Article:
Definition: a mental health condition caused by experiencing a frightening or traumatic event that causes stress and anxiety symptoms after the event.
- Flashbacks and nightmares related to the traumatic event
- Avoidance of places or situations that are reminders of the event, or feeling anxious or panicky in such places or situations
- Symptoms of anxiety and depression such as feeling jumpy and “on the edge”, loss of interest in hobbies and others (see link to clinical depression and generalized anxiety articles for more symptoms)
- Trouble remembering key components of the event
- 7 or 8 out of every one hundred people in the world will experience PTSD sometime in their lifetime.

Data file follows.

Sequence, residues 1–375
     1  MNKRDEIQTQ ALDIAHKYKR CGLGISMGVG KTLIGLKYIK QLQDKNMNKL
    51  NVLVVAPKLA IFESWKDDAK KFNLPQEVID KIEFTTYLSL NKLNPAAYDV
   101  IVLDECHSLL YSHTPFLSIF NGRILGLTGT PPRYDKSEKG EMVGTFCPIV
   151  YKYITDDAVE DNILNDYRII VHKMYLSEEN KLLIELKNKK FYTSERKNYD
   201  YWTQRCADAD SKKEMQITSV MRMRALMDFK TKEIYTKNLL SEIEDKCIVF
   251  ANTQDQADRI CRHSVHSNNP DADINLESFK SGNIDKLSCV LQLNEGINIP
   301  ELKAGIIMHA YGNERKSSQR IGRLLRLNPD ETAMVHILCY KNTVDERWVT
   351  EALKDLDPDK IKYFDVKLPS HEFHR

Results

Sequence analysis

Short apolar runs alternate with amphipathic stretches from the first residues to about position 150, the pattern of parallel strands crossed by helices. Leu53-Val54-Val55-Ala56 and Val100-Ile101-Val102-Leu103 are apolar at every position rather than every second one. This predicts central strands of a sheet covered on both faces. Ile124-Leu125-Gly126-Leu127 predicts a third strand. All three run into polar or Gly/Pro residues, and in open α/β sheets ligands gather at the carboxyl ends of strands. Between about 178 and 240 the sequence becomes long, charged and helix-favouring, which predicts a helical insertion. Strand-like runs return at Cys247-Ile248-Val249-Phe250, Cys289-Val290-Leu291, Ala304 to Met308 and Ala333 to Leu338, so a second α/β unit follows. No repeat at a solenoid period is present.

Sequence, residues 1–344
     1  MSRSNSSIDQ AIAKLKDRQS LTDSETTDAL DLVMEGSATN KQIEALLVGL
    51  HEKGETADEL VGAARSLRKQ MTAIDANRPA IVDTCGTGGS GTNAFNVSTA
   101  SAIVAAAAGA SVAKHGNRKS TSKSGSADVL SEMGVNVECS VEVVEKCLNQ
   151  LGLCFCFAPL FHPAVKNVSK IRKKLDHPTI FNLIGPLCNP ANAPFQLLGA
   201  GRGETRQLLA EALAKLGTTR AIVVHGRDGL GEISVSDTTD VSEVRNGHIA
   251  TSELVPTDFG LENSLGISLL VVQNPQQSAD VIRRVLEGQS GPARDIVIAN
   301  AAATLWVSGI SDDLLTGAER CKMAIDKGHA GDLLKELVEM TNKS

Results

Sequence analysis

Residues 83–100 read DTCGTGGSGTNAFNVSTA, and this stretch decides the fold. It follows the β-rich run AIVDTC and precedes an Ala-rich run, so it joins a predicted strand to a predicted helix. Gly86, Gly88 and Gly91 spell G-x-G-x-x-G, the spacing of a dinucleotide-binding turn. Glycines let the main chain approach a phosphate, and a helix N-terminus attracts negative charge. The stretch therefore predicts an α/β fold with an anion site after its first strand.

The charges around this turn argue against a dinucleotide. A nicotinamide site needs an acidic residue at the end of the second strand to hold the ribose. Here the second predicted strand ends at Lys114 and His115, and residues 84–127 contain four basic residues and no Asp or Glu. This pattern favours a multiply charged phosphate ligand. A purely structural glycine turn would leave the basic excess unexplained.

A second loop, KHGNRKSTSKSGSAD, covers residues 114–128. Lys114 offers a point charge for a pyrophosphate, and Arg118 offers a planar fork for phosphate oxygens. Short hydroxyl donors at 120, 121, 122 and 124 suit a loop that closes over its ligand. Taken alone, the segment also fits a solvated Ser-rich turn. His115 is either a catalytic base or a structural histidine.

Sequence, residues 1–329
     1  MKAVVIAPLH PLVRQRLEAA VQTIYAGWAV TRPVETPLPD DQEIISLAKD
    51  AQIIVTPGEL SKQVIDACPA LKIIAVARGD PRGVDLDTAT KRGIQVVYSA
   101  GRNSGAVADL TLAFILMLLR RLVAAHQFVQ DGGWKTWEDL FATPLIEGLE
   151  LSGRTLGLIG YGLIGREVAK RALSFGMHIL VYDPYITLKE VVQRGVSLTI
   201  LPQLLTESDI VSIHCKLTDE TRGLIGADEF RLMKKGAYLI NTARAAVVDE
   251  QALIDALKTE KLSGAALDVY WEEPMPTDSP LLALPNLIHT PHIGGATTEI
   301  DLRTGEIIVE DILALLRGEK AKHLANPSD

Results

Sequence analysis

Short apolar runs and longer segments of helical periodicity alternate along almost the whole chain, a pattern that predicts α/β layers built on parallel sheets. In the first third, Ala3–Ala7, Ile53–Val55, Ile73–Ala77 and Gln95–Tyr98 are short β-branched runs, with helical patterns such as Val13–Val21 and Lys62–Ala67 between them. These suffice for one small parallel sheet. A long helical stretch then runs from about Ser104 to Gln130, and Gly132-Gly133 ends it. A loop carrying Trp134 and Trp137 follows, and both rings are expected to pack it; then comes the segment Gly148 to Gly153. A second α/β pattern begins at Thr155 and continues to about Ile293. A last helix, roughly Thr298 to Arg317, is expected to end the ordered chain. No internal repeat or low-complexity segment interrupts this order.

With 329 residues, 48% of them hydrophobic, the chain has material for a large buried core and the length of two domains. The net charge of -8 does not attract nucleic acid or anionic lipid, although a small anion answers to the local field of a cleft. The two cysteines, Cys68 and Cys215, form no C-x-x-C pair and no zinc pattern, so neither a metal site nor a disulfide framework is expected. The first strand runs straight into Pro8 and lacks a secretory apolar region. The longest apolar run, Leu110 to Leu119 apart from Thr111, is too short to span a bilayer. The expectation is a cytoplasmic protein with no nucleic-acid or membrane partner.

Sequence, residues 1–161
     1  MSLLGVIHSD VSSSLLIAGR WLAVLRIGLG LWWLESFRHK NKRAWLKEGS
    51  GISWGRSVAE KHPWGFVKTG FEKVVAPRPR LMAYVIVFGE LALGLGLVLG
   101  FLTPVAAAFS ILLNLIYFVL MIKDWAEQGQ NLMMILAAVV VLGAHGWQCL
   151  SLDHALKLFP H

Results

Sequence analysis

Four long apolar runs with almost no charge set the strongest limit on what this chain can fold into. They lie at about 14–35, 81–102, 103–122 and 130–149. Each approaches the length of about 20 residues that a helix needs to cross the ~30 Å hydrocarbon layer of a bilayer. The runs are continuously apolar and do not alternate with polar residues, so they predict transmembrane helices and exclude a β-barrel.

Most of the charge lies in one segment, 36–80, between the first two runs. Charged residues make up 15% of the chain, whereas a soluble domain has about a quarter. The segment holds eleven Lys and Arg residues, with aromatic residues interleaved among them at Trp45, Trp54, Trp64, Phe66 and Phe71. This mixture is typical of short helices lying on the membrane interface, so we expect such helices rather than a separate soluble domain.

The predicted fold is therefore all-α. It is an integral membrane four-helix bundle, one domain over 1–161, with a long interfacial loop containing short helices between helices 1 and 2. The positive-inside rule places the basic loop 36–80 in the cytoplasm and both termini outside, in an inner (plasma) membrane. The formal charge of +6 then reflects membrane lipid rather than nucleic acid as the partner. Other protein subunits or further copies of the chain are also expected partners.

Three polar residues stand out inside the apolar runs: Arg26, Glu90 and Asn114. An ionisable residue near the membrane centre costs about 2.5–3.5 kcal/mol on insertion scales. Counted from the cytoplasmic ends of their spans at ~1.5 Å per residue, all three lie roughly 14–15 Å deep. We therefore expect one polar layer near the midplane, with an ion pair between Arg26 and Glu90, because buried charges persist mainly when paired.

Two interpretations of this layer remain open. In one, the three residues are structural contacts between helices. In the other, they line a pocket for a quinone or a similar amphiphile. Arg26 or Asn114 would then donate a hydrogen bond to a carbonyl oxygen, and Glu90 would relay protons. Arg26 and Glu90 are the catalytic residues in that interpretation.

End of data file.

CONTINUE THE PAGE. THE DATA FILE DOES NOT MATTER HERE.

- There are more than three million US cases of PTSD a year. Very common – you’re not alone!
- Not everyone with PTSD had been in a war, shooting or other life-threatening situation. The disorder can result from seeing a loved one die or be injured too.
How to feel better:
- Talk and exposure therapy
- Have a support network – this can include friends, family, or an organized group of people who also have PTSD.
- Some people put others down for having PTSD by saying things like “well, you didn’t even see combat so how can you have PTSD?” – not cool – you don’t have to directly experience a traumatic event to have the disorder
- Don’t blame the person for not trying to get back to normal life after the event – it’s not their fault